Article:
Campaign 1: Vasari campaign, still relatively easy, many missions consist of "colonize X worlds within Y time" while being harassed by the pathetically weak Trader ships. As a relatively low-ranking commander, you know that something bad is following your race, but specifics are need-to-know. Other missions may involve building large numbers of ships, while, again being harassed by increasingly bold TEC and introducing you to pirates. Basically a exploration/resourcing/construction/basic combat trainer to get you familiar with all of Sins' unusual design choices. With each mission, the TEC ships' combat effectiveness is increasing, eventually bringing them up to about 60% of the strength you are familiar with in modern-day Sins. At the end of the campaign, you have a *very* brief encounter with your persuers, with them perhaps being offscreen entirely, and only their weapons fire showing, as your flagship (and presumably your Vasari character) are disintegrated in a few seconds. Leading us into....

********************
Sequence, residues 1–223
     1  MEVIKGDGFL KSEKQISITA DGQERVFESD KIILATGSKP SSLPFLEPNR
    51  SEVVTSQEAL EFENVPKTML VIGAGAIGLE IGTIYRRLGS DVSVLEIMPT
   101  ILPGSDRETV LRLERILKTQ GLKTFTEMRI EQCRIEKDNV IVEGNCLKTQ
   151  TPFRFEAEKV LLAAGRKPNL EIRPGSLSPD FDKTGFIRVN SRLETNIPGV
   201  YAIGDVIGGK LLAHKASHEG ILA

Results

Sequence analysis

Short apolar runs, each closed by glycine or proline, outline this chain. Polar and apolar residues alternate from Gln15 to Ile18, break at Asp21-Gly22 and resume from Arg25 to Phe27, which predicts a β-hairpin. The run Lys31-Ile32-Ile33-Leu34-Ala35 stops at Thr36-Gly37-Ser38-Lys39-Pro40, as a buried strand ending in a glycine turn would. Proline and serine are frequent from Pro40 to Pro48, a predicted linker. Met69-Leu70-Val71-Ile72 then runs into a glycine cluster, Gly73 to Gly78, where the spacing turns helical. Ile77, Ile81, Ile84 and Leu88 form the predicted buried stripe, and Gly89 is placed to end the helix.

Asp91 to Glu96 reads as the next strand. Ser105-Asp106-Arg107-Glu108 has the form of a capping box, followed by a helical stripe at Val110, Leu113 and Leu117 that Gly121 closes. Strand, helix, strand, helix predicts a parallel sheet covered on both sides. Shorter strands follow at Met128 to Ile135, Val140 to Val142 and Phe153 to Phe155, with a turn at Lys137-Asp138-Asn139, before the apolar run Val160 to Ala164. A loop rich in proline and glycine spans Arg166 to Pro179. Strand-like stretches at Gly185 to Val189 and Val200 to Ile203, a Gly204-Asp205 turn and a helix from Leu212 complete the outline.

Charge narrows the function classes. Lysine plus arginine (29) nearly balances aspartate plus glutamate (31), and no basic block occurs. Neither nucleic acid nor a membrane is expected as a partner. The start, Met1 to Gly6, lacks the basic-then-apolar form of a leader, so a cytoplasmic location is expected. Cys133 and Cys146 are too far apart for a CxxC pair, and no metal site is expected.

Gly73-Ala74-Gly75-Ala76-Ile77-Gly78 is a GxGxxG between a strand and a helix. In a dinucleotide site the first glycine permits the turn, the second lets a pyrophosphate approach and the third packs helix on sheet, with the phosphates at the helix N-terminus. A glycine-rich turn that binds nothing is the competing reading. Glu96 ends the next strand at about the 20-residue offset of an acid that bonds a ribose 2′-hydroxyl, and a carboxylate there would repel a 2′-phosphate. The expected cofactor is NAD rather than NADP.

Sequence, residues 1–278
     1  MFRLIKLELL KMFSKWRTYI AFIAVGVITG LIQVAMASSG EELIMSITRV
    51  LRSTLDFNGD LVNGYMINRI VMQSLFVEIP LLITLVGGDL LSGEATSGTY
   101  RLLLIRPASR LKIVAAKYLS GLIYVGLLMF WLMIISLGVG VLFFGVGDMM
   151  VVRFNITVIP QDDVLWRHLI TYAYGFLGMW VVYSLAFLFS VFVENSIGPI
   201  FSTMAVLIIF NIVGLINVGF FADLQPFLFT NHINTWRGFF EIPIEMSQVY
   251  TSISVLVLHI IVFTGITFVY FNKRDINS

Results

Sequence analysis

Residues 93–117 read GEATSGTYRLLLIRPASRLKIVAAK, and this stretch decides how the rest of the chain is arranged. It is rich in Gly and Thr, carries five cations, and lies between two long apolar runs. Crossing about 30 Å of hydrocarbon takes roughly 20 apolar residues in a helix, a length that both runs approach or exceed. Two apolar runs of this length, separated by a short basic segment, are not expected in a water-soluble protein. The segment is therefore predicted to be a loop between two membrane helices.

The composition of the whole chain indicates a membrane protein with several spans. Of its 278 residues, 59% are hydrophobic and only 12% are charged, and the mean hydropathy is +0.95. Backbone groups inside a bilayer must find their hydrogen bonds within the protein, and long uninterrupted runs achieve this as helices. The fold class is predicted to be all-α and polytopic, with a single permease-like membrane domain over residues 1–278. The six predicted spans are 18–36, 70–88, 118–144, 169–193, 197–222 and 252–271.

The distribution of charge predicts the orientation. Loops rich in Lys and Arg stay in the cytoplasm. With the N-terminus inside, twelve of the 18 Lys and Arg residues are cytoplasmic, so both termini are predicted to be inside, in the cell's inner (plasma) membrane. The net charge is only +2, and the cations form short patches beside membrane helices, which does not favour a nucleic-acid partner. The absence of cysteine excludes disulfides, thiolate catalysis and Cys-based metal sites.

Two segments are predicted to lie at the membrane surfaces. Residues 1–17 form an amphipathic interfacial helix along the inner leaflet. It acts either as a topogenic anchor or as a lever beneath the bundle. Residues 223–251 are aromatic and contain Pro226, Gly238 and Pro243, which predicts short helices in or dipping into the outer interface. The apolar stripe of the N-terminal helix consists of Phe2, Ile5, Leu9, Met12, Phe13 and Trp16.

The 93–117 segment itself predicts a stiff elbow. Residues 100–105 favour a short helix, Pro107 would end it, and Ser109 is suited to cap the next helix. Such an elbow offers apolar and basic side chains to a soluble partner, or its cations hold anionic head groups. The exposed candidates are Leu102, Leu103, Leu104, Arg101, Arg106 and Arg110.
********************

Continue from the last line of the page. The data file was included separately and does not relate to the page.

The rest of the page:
Campaign 2: Advent campaign. The difficulty curve begins to become steeper now, with many missions centered around more practical subjects such as the total elimination of your tormentors from hundreds of years ago, the newly-formed TEC. At the beginning of this campaign, the TEC ships are much more advanced than they were at the end of the Vasari campaign, perhaps up to 80% of normal. This pisses off the Advent since they were off in secret conducting all kinds of crazyass research and expected to come back and just slaughter everyone with virtually no organized or effective resistance - the 10 year war with the Vasari has inadvertently saved the TEC from complete destruction at the hands of the vengeful Advent. For a little intruigue, perhaps the Advent and Vasari never come into contact with each other, and they start fighting like mad when they meet, each considering the other to be abominations.